Breach of Fiduciary Duty Claim Denied Class Certification

June 24, 2005 ( - A federal judge has turned down a request by a group of former employees of a paper and lumber company to certify as a class action their lawsuit that charges the company breached its fiduciary duty by not properly informing them that responsibility for their retiree benefits was being transferred to a new undercapitalized owner.

US District Judge Gene Carter of the US District Court for the District of Maine, however, approved three other claims against Bowater Inc.leveled by the 15 former employees as class actions.

According to Carter’s opinion, two of the Bowater plants were sold to a new corporate owner, Inexcon, who began paying the retiree benefit obligations, but stopped in September 2002 due to financial difficulties.   Bowater did not assist in the funding of the liabilities.   The employees reported that claims for benefits were denied and their subsequent appeals were also denied.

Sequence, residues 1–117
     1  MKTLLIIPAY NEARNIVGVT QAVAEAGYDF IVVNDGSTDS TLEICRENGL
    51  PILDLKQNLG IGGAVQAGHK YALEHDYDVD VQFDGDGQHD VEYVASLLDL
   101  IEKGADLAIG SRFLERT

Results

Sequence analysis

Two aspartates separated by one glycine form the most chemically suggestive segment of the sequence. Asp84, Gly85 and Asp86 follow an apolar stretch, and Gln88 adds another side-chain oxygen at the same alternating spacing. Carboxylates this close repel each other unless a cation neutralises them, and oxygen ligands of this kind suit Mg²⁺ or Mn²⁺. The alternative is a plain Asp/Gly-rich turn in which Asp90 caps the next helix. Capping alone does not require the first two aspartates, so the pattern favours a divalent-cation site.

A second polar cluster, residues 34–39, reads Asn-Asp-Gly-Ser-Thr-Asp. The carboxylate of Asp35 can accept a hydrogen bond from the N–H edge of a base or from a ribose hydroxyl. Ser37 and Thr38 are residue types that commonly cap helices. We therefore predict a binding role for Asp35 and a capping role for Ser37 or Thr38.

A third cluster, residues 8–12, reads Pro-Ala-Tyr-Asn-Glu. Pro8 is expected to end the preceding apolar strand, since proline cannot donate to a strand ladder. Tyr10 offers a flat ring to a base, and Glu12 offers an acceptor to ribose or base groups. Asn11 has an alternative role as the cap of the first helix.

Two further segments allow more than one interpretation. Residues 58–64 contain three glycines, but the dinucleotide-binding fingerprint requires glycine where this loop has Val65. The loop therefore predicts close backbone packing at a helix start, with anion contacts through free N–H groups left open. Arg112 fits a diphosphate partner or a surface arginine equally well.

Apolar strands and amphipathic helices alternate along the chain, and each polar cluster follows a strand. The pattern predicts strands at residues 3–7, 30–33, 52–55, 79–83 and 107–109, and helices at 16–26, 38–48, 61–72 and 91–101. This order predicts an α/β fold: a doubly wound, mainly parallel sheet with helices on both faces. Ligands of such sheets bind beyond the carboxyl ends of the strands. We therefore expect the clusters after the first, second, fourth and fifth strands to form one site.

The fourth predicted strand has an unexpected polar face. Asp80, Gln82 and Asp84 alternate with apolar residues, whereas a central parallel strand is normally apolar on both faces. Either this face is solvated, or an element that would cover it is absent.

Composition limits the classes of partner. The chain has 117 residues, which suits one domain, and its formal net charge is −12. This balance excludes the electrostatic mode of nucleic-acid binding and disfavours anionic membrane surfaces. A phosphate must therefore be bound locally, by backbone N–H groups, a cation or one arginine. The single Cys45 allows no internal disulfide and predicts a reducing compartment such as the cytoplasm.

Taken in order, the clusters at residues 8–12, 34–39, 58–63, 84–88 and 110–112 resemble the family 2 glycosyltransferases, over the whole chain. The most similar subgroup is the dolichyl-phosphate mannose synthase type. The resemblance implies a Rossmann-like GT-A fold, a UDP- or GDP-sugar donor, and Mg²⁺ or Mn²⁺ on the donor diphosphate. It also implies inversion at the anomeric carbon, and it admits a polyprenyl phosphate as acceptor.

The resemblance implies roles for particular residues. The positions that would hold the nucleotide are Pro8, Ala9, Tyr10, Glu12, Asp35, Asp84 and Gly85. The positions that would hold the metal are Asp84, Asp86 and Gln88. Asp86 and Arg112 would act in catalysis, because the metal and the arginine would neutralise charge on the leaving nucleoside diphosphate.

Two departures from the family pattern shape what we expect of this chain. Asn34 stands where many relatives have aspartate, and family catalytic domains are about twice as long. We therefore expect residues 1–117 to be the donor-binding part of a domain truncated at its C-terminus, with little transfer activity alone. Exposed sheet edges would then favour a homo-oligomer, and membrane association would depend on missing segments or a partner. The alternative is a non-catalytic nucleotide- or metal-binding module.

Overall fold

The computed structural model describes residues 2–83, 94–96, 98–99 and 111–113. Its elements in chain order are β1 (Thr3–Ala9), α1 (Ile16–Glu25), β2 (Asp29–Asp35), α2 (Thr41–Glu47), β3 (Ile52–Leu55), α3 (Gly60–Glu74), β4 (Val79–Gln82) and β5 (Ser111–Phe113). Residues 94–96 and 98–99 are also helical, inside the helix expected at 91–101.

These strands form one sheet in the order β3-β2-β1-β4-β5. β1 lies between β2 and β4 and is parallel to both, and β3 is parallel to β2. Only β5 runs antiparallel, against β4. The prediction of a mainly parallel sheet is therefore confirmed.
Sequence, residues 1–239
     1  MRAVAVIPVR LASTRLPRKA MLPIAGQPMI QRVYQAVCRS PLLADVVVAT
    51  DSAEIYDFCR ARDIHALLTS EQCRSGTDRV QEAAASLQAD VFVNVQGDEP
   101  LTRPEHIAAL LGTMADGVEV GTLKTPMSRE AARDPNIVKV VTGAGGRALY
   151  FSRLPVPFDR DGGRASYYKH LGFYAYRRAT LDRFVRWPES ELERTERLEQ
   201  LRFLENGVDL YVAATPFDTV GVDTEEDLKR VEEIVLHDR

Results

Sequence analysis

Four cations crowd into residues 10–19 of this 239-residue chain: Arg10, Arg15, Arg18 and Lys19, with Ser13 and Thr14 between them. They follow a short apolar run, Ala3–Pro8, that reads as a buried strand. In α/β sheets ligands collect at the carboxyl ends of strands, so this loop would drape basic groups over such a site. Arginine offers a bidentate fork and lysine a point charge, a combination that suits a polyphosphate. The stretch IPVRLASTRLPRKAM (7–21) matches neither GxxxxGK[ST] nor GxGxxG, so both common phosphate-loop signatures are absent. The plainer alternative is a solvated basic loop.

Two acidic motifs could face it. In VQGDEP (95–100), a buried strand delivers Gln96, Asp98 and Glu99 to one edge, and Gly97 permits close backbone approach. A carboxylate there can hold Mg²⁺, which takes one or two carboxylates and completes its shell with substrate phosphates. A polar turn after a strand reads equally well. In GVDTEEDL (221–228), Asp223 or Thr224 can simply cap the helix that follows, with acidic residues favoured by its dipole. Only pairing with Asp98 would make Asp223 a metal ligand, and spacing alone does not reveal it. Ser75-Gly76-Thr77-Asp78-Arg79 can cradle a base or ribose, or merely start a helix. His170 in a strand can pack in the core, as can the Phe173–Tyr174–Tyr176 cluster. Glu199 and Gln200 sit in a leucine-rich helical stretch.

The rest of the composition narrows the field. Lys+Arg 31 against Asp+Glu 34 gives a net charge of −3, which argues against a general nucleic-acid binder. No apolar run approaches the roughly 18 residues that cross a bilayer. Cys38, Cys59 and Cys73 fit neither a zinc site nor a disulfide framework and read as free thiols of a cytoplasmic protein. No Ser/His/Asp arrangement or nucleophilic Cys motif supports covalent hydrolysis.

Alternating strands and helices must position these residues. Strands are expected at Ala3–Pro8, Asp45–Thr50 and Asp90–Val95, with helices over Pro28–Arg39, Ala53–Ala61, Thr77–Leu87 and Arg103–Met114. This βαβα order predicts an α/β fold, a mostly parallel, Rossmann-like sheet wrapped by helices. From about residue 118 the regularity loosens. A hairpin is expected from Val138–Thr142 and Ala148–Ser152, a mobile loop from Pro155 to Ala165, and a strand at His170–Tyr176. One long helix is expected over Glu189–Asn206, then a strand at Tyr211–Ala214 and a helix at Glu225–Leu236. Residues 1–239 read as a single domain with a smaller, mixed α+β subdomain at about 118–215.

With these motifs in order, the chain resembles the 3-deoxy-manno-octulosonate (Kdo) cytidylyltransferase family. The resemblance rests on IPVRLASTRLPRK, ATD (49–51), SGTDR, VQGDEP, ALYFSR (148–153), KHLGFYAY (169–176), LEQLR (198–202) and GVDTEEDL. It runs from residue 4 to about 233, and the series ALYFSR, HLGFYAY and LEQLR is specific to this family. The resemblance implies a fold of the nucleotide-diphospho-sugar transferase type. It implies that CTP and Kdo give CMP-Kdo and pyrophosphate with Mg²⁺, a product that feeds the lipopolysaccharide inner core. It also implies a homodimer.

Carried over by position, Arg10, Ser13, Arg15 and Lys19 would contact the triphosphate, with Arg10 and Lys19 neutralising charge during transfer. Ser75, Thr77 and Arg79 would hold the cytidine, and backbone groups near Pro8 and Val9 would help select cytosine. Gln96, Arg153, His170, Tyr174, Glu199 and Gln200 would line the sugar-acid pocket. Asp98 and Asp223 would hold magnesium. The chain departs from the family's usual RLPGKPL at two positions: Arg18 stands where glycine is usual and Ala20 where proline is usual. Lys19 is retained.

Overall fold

Plaintiffs allege Bowater should still be held accountable for their health and welfare claims because it had promised them in union contracts that they and their dependents are entitled to    “…medical coverage and other ‘welfare’ insurance benefits within the meaning of ERISA, with no premiums to be paid by the bargaining unit employee…for the employee’s lifetime.”  

The breach of fiduciary duty claim alleges that Bowater did not get the approval of the affected retirees to transfer financial responsibility to Inexcon. Further, the plaintiffs charge that Bowater didn’t get a liability release for the retirees’ benefit claims and didn’t tell the retirees that Inexon didn’t have enough money to pay the $102 million worth of retiree health and welfare benefit obligations it had assumed when it bought the company. However, Carter ruled that different retirees relied to a differing extent on Bowater’s representations to them about the provisions of their retiree health and welfare coverage, so their claims should not be tried together as a class.

Nonetheless, Carter approved as class actions the plaintiffs’ other claims including one that Bowater violated the Labor Management Relations Act (LMRA) by not meeting the promises it made in a labor contract. The court ruled that the number of eligible employees satisfied the requirements for number of persons represented and commonality of claims, and it was not believed that a conflict of interest existed that would prevent the named employees from representing the classes.

>Carter’s opinion in Coffin v. Bowater Inc., (D. Me., No. 03-227-B-C, 6/21/05 is  here .

-Rebecca Moore

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